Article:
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Tirthan river

10 facts about Tirthan Valley, Himachal Pradesh

Tirthan is an offbeat destination that has something for everyone. This quiet valley is ideal for trekking, fishing, wildlife watching, and discovering the unexplored hill villages. There’s also the option of doing absolutely nothing as you relax among the pine trees in the valley. So if you like to scout around uncharted terrain, pack your bags and head towards Tirthan.

Tirthan Valley derives its name from the Tirthan River, which winds its way through it. The pristine river originates from the icy cold glacial springs of Hanskund, a snow-capped peak in the verdant Great Himalayan National Park.

  • Perched at an altitude of over 1600 metres above sea level, the riverside retreat of Tirthan is an adventure-centric getaway blessed with a wealth of nature’s treasures. It is located in the Kullu district of Himachal Pradesh.
  • March to June and October to November are the best months to visit Tirthan Valley. January-February is also good for those who are looking for snow and can handle extremely cold conditions. It is in full bloom during spring.
  • In Tirthan Valley, almost all SIMs work but it is suggested to use Airtel (Calling), Jio (Internet) as they work best.
  • The Tirthan River traverses through some of the finest forests of the Western Himalayas before meeting the Beas River at Larji, alongside National Highway 21. Several quaint villages dot the picturesque banks of the river, with the villages of Gushaini (8 kms from the Greater Himalayan National Park) and Nagini being the most preferred stay options.
  • In Tirthan Valley, the locals still live in a traditional way, maintaining their ancient customs and following the age-old rituals of the local temples. The Shringi Rishi Temple at nearby Bagi has a beautiful statue of Rishi Shringi and intricate wood carvings that depict the 24 different births of god. There is also a highly revered temple of the eighteen gods of the Kullu Valley, who are the chiefs of the three hundred and eighty-four minor deities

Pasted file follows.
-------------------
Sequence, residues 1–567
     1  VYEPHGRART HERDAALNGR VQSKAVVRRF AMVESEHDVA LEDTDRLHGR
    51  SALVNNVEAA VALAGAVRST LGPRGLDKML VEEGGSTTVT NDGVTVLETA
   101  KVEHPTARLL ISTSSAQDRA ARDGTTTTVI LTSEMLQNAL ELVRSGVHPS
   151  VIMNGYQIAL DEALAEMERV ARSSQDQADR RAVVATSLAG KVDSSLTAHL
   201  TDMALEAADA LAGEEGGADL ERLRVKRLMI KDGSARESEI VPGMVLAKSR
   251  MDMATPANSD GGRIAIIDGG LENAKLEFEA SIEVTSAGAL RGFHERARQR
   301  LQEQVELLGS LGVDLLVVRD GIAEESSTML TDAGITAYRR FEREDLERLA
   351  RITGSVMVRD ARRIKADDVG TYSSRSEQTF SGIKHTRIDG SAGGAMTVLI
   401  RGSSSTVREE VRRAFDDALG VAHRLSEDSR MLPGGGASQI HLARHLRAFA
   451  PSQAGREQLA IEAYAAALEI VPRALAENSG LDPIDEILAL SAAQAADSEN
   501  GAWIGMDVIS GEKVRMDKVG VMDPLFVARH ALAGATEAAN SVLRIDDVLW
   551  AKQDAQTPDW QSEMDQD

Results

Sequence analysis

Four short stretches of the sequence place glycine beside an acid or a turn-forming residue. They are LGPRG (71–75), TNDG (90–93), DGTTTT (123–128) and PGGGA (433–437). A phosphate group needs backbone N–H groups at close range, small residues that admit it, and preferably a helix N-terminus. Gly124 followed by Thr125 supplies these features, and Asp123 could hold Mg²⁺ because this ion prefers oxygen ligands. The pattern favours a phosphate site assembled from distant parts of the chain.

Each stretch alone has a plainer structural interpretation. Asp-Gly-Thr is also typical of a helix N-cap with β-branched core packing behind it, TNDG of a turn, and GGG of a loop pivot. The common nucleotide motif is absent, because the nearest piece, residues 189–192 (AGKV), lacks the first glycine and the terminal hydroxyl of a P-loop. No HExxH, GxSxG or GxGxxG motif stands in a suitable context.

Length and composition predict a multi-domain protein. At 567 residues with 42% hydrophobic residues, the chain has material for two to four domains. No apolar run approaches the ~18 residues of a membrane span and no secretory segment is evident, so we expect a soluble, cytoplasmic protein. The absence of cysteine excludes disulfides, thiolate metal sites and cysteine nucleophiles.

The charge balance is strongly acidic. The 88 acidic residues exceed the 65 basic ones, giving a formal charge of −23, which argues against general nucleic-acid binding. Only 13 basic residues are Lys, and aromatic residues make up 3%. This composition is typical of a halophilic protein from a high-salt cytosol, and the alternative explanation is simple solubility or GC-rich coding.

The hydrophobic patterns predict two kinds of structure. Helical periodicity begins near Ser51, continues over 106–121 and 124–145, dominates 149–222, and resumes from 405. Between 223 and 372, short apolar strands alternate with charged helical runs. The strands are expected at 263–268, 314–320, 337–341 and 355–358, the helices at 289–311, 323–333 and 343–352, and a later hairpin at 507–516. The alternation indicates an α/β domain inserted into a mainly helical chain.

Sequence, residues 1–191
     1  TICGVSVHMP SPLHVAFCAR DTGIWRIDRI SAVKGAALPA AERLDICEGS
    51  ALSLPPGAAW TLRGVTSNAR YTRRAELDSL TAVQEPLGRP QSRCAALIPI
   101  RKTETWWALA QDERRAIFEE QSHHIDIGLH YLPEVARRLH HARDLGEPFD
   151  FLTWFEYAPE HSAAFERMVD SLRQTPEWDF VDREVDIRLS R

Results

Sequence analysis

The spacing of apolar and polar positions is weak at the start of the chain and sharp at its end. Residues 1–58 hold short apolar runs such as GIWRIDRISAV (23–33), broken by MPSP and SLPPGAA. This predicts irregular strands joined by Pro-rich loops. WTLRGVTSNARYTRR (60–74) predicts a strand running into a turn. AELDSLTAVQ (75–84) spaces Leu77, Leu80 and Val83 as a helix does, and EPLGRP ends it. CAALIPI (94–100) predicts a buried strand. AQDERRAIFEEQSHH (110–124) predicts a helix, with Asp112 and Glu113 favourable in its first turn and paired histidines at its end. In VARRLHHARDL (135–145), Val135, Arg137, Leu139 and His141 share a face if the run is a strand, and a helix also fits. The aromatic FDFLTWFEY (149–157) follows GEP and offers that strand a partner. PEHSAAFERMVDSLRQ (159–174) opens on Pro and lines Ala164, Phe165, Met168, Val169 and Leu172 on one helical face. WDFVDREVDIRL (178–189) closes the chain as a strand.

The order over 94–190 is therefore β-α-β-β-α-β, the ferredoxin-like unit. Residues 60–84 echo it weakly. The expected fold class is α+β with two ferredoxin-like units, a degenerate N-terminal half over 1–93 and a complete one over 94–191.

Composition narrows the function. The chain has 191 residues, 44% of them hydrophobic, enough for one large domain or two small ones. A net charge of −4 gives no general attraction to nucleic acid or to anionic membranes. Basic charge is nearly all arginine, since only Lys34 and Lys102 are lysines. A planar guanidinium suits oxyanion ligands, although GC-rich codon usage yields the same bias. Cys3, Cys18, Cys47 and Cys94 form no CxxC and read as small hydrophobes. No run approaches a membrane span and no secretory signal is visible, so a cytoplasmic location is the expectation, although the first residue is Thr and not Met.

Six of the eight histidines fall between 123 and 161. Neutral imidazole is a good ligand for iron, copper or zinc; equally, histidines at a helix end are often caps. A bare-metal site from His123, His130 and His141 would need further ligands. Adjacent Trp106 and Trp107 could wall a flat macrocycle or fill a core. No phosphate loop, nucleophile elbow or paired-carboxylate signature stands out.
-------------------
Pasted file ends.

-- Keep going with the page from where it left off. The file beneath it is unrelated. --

• One of India’s most well-kept secret fishing camps, the crystal clear glacial waters of the Tirthan River are home to an abundant population of rainbow and brown trout. The Himachal government has declared Tirthan River as an angling reserve and taken a decision not to allow any hydropower project on this river in order to maintain its rich aquatic biodiversity. A licence taken for trout fishing here gives permission to enjoy fishing in a 45 km stretch of the river that has oodles of points for fishing fanatics to set the base for angling in the valley.
  • The spring in the Tirthan Valley paints it into a mesmerising canvas of verdant woods, gurgling rapids and endearing little wooden bridges. Take long nature walks by the river covered in fog, wander off in the woods by yourself and get lost in the charm of Tirthan Valley. The valley’s scenic camaraderie with nature is sure to leave you yearning for more.
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  • While there are several stay options in Tirthan Valley, the gorgeous wooden building of Raju’s Guest House in Gushaini is a tourist attraction in itself. Nestled in fruit orchards, this cozy rustic riverside home is reached by crossing the gushing Tirthan on a metal basket hung on a one-inch thick wire pulley – a scary but incredibly fun ride.
  • Siddu is one of the most enjoyable local cuisines of Tirthan Valley to be had with pudina chutney or the local desi ghee. The recipe has been passed down for centuries. It delicious piping hot, drenched in ghee and dipped in the homemade apple chutney. It is good for health if there is a proper balance of spices which anybody in the Tirthan household will be familiar with.

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